1. Maintaining Muscle Mass: Core activation exercises help senior horses strengthen their abdominal, oblique and deep spinal muscles, which, in turn, contributes to overall muscle tone. This can be particularly important as horses age and may experience a natural loss of muscle mass, especially along the topline.
  2. Improving Posture and Balance: Core exercises can optimise a horse’s posture and balance. This is essential for older horses that may develop issues related to joint stiffness or arthritis. Improved balance can reduce the risk of falls and injuries.
  3. Enhancing Joint Mobility: Some core exercises involve gentle bending and rotational movements, which can contribute to maintaining joint flexibility. This is especially relevant for senior horses prone to joint stiffness and reduced range of motion.
  4. Supporting Digestive Health: Certain core exercises, such as controlled side bending/ lateral flexion, can stimulate the digestive system. This may aid in maintaining healthy gut function, which is crucial for senior horses with potential digestive challenges.
  5. Increasing Circulation: Engaging in controlled physical activity, including core exercises, can promote blood circulation. Improved circulation is beneficial for the overall health of tissues, muscles, and joints.

Working the older horse with the Equiband Pro is a great use-case because it is a low-impact system. A recent study at the University of Georgia showed improved spinal stability, hindlimb symmetry, and reduced back pain in horses being handwalked in the Equiband Pro System over just a 4-week period!  

Some other examples of gentle core exercises for senior horses may include:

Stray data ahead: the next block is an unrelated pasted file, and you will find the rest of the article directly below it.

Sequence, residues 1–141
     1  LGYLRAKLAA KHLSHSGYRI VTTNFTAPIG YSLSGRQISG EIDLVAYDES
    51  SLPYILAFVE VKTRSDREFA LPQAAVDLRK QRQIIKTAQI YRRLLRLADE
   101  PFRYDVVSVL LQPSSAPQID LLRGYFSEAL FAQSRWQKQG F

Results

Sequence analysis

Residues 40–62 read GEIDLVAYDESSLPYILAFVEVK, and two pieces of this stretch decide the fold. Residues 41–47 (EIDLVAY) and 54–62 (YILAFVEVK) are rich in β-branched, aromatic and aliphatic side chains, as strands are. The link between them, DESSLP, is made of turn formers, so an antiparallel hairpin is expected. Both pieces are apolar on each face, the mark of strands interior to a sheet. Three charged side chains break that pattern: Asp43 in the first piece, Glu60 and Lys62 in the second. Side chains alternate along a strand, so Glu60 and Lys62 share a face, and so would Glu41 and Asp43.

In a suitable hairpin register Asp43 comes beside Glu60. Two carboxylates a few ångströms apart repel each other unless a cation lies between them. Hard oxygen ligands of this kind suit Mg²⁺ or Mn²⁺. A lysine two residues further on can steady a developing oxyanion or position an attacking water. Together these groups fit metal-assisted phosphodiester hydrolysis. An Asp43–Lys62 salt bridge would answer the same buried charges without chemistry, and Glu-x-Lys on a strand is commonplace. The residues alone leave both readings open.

• Carrot, or “Baited,” Stretches (15-20 second hold time): Encourage the horse to stretch its neck and back to reach for a carrot or treat held towards the hock, not higher. This can promote lateral flexibility.
  • Gentle Lateral Bending: During your ride, ask the horse to flex its neck to each side while standing still. This can help with flexibility and muscle engagement.
  • Walking Exercises: Incorporate regular, low-impact walking into the horse’s routine. Walking on varied terrain can engage core muscles and promote joint flexibility.
  • Tail Pulls: Gently lift and pull the horse’s tail straight back (2-3 seconds hold) to encourage activation of the core tunic muscles.

Four Tips for Senior Success

“I feel that longevity of our horses could be so much improved if horses were allowed to be horses: Movement is so important in maintaining body condition and strength. 

In countries such as Sweden, which has some of the strictest animal welfare laws, horses must have access to daily turnout, in a space that is large enough that they can choose to move at the gait of their choice. 

This is in contrast to many other countries where horses are still stuck in a box for 23 out of 24 hours. This is equivalent to bedrest in humans! There is virtually no chance of a horse gaining or retaining adequate long-term vitality with this type of husbandry,” explains Dr. Rombach. 

If you have a senior horse, remember these key points:

  • Give them adequate room to move and keep them moving as much as possible to maintain condition (low-impact is usually best). 
  • Feed appropriate nutrition.
  • Commit to regular dental care and farrier appointments.
  • Provide a social atmosphere with other horses.

By following these four simple steps, you will be well on your way to a gracefully aging horse that is comfortable and conditioned. 

Age does not have to mean pain or decline, especially if your management is dialed in, and that is a very exciting advancement in horse ownership. 

→ Use the Equiband Pro System to help you accomplish goal #1 of keeping your older horse conditioned. Try yours today here. ←